Among the duchess's retinue of staff was the knowledgeable John Lightfoot. In addition to being her chaplain, Lightfoot was a noted botanist and a founder member of the Linnean Society, and he worked with the duchess to catalogue her vast collection of natural history specimens. His letters to her record the delight the two obviously shared in the minutiae of botanical discoveries and their recording.
Mr Lightfoot presents his most dutiful Respect to the D[uche]ss Dow[age]r of Portland, & has the Pleasure to inform her that he has just receiv'd a Letter out of Yorkshire from his Correspondent Mr Teesdale, acquainting him on the 18th of the Ins[tan]t he sent by the Stage Coach from York, directed for the Dss. Dowr. of Portland Whitehall London, to be forwarded to Bullstrode with Speed, a little Box containing three flowering Plants of the Satyrium albidum, & one of the Cornus heracea. Mr Lightfoot would beg Leave to recommend in the Drawing of the Satyrium that one of the Flowers be figur'd separate from the Plant, of its natural Size, & another a little magnified, otherwise they are so small & crowded, that it will be impossible to give a proper or distinct Representation of the Plant. After the Drawing is complete, Mr L: would beg Leave (if it be not too much Trouble) that her Grace would send a Specimen of it in Flower to Uxbridge, as Mr Lightfoot has never seen it in that State. The Roots of all may be kept in Pots to flower another Year.
While the tone of his letters brings to mind Jane Austen's Mr Collins and his obsequious devotion to Lady Catherine de Bourgh, they do serve as a reminder of the problems of transporting live plants across the British Isles, never mind from abroad. In another letter sent after 'two months in gathering and preserving', Lightfoot is convinced that they 'will all certainly be dead & rotten, before they reach Bullstrode ...' Trying to reassure both himself and the duchess, he wrote, 'I place all my Confidences in the seed I have collected; these are very good & I hope will in some Measure supply the Loss of their Roots.'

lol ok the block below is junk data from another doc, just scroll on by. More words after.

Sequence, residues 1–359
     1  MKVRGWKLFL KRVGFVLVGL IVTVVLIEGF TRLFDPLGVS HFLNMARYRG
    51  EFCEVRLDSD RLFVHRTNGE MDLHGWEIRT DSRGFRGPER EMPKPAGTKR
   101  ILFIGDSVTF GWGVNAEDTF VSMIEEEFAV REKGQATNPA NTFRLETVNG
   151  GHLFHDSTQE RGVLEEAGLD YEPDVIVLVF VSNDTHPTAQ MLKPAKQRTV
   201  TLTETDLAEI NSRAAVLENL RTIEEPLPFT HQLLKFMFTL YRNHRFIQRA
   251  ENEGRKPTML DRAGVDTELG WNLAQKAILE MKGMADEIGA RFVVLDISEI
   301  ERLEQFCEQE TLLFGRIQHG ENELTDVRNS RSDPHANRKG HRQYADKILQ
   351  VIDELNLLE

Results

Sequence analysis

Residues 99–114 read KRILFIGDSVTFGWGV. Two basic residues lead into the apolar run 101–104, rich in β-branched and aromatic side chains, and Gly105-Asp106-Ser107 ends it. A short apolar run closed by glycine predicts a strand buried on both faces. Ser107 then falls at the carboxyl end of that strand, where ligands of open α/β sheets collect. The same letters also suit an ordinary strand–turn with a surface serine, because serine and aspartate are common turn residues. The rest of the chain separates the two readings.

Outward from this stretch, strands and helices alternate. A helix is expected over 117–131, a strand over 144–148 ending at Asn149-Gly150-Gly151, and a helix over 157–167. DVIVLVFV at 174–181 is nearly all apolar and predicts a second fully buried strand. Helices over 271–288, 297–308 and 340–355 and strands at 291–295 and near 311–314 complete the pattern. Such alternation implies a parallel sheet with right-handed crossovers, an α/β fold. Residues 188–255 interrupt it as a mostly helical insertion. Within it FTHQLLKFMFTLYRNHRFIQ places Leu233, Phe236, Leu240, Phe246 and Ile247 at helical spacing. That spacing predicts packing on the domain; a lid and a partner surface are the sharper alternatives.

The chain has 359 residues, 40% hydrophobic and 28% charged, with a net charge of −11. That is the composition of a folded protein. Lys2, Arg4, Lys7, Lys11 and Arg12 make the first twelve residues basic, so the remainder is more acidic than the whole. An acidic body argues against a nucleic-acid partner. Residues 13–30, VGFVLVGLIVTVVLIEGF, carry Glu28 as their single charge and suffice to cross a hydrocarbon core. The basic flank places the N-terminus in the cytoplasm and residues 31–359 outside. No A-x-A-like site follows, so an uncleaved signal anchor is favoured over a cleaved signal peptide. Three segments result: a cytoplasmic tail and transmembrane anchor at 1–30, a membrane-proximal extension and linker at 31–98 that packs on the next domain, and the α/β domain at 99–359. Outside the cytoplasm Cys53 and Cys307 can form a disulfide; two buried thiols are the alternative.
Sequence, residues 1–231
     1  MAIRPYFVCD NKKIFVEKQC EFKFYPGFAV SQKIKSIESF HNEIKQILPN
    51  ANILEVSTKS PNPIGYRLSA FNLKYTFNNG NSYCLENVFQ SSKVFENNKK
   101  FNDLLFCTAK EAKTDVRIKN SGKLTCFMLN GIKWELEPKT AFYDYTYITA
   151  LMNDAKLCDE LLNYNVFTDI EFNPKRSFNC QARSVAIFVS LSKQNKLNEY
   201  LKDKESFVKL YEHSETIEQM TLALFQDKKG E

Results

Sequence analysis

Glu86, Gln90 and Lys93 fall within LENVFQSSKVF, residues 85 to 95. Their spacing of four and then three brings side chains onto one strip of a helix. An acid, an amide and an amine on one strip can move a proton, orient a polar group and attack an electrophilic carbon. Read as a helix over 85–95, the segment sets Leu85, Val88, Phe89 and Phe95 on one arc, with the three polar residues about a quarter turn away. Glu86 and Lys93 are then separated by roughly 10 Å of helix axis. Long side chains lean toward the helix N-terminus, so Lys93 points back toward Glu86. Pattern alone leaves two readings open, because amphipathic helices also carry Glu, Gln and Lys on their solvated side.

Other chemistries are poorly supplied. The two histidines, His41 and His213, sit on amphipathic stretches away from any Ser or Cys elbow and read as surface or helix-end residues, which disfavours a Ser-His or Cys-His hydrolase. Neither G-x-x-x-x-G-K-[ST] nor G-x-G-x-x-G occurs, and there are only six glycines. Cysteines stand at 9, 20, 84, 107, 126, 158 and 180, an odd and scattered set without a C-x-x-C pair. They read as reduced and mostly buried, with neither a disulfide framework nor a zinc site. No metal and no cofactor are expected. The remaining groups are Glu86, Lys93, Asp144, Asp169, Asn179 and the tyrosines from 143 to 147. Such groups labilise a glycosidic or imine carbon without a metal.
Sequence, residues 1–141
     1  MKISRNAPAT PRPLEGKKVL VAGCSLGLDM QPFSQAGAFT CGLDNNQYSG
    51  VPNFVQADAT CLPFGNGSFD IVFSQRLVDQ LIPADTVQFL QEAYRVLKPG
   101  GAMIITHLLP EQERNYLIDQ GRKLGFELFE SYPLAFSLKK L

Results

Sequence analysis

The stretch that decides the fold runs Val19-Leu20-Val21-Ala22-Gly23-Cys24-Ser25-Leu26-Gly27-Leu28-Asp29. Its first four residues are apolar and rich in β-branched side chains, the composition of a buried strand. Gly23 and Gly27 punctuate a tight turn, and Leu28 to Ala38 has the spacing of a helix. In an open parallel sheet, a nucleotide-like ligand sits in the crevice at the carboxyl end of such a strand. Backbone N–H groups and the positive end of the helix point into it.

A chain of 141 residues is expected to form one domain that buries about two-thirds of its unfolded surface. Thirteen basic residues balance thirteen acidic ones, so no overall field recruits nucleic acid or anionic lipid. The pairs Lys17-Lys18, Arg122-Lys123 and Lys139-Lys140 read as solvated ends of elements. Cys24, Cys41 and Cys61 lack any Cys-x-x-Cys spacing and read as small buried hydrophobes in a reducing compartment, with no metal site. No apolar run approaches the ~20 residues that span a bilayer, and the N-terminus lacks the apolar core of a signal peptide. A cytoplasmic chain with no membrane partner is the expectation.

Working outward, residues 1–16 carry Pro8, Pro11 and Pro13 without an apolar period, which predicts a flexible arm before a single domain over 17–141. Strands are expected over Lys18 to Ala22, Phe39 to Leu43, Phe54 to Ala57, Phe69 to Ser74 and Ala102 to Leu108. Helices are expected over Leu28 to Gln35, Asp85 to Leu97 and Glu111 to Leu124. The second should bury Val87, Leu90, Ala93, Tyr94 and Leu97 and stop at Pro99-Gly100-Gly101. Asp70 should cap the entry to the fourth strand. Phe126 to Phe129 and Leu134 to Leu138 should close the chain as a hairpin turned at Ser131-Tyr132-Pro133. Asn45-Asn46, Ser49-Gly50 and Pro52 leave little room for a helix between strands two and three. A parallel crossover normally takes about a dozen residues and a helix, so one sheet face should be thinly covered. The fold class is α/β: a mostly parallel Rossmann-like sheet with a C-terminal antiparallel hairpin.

Lightfoot had an even more illustrious 'pupil' in Queen Charlotte. 'Pupil' is not too strong a word, since Lightfoot's role on his visits to Frogmore took the form of regular 'conversations' on botany and zoology with the Queen and two of her daughters, the Princesses Augusta and Elizabeth. The Queen took these conversations so seriously that she made notes, which she later revised to make sure she had not missed anything. When Lightfoot died, King George III bought his herbarium for Queen Charlotte for the grand sum of one hundred guineas, confirmation of the couple's commitment to the new 'sciences' of botany and horticulture.
Excerpted from Women and their Gardens by Catherine Horwood. Copyright © 2010 Catherine Horwood. Excerpted by permission of Chicago Review Press Incorporated.